Saturday, March 26, 2005

Selling Out on F-16s

The troubling news on Friday that the U.S. is finally agreeing to sell F-16 fighter jets to Pakistan caught everyone by surprise, and with good reason. Apparently, the reversal of a fifteen-year ban is a reward to Pakistan for being an ally in the war on terrorism. This is President Bush's way of "scratching the back" of Pakistan's autocratic ruler, Gen. Perves Musharraf, after being on the receiving end of favors in the past few years.

I strongly question Bush's decision for numerous reasons. The first would be to counter the principle rationale for this deal--that Pakistan has been very helpful in anti-terrorism operations after September 11, 2001. While this may be true, Bush is too easily discounting Pakistan's contributions to the other side. A.Q. Khan's nuclear proliferation network aided some of the worst enemies of our country--Iran, Iraq, Libya, and North Korea. Yet his actions, and their potentially serious consequences, have not factored it into Bush's assesment of Pakistan. Meanwhile, Pakistan continues to do nothing to rein in terrorists in its portion of the disputed region of Kashmir, leaving those groups unmolested and free to attack India.

Which raises my second argument against Bush's staunch support of Pakistan. Obviously, Pakistan's neighbor and rival, India, is displeased with the decision. The largest secular democracy in the world appears to be the Rodney Dangerfield of Asia in that it "don't get no respect." As my dad pointed out, it appeared earlier this week that this was finally about to change. Writing in the Wall Street Journal, former ambassador Robert Blackwill argued for "A New Deal for New Delhi", to recognize the "congruent vital national interests" of the U.S. and India. Blackwill readily proposed that Pakistan be sidelined.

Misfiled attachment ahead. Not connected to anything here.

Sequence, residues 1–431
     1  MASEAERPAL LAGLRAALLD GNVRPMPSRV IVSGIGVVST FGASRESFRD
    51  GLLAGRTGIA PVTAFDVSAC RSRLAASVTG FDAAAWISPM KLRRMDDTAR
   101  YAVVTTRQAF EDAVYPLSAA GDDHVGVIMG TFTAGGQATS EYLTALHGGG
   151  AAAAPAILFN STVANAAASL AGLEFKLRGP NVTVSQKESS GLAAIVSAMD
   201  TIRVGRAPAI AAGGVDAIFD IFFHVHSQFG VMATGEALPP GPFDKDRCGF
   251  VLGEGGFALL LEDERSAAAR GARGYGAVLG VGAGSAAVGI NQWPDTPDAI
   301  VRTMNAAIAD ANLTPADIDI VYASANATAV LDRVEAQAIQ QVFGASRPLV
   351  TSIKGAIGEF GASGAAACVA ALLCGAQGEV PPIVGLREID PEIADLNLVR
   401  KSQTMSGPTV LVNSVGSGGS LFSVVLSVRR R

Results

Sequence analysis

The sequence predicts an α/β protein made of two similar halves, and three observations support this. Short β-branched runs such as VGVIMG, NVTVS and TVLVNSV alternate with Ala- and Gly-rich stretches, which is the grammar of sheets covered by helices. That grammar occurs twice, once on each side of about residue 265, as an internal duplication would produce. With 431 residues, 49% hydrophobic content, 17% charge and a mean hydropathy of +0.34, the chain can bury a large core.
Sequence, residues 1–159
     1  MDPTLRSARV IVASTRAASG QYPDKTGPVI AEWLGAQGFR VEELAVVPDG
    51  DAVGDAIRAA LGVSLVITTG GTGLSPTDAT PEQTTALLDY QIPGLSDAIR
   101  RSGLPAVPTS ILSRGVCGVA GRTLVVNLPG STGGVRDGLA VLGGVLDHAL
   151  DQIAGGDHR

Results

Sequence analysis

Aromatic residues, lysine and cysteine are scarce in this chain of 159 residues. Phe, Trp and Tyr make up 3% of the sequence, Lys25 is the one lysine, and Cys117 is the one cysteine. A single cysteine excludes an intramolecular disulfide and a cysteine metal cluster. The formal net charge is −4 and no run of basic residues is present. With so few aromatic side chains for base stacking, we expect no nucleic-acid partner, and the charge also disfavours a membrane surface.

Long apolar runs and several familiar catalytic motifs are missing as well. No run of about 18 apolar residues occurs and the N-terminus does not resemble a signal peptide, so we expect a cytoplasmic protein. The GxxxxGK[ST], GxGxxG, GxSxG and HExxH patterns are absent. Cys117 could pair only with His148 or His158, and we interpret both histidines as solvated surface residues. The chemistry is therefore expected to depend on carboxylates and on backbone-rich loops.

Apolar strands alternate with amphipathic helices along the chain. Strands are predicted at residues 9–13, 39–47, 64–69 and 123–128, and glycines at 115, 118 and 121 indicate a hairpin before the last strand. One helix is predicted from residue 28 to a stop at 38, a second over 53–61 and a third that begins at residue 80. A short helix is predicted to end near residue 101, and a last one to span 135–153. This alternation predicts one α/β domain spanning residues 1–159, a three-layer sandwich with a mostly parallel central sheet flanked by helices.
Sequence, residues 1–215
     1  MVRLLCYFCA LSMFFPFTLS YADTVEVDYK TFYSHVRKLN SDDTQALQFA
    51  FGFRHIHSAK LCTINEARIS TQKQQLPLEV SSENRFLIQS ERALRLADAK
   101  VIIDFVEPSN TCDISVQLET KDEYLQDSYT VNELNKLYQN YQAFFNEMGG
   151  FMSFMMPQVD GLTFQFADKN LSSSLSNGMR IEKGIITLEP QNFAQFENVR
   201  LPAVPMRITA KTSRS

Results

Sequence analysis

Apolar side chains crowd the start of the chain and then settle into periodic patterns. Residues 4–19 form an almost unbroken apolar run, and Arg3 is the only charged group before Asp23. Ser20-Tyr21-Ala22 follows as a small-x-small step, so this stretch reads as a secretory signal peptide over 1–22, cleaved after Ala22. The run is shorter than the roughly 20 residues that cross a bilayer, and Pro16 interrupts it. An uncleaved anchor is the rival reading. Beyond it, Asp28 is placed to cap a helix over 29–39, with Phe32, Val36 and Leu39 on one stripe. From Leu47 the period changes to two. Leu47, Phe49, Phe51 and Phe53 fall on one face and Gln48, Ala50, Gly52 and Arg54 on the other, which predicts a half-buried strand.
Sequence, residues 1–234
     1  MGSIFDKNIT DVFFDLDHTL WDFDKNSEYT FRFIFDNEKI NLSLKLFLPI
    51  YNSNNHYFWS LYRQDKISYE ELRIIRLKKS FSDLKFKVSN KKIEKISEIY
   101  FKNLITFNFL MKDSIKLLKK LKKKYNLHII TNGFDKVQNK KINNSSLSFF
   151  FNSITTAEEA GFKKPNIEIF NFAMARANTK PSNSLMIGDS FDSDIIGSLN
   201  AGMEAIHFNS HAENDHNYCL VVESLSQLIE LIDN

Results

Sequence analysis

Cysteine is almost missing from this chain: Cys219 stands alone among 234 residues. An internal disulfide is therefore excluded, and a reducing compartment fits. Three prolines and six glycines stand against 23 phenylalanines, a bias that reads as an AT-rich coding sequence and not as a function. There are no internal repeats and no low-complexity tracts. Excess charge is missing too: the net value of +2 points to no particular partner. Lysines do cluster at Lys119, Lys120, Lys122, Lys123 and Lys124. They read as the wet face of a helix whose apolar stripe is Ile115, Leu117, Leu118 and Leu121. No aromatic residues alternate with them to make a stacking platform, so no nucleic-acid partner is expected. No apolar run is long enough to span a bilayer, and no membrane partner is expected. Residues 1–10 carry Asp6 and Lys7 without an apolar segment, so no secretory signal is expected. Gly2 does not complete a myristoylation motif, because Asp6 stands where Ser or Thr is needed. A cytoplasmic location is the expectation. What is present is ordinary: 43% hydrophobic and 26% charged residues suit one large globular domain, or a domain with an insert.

On the same day, the New York Times featured an argument by former senator Larry Pressler entitled "Dissing Democracy in Asia". Pressler proved the need for a "fundamental policy shift" to a "robust pro-India stance" by constrasting, as Blackwill did, India's free, open, peaceful nature with Pakistan's opposite characteristics. Part of Bush's "expansion of freedom and liberty" should include choosing "free" India over "dictatorship" Pakistan, said Pressler. He even went so far as to suggest that the U.S. strengthen its alliance with India so as to offset a rising China, a move I heartily endorse.

The Bush administration announced that it is willing to sell lots of fighter planes to India as well, if India desires. Small comfort. Has he forgotten that India and Pakistan--nuclear powers, both--came to the brink of war in 2002? Having already sold out to Pakistan, the quick fix for the U.S. is to up the ante in India's favor. Yet the only real winner from all of this is Lockheed Martin. For the future, Bush would do well to choose his friends wisely, and always err on the side of freedom.

1 comment:

Nick said...

I'm not going to defend our sale of F-16s to Pakistan (I think that's as big a mistake as you do), but I think Blackwill is being a little too hasty in suggesting that we totally "sideline" Pakistan. Musharaff, as dictator of Pakistan, really has only one direction to turn if he loses the political support of the US, and that's to the politically Islamist movements so popular in his country. This kind of power rearrangement would be bad for India, and bad for the US. Bad for India because pushing the government of Pakistan into the hands of fundamentalists is only going to make war over Kashmir more likely. Bad for the US because we have every reason to want to keep Islamic radicals as far from Pakistan's nuclear stockpile as possible. It's wrong - morally and pragmatically - for Bush to give Musharaff a blank check when it comes to dismantling his country's past experiments in democracy. But it's foolish to think that we can solve Pakistan's problems by marginalizing and ignoring it.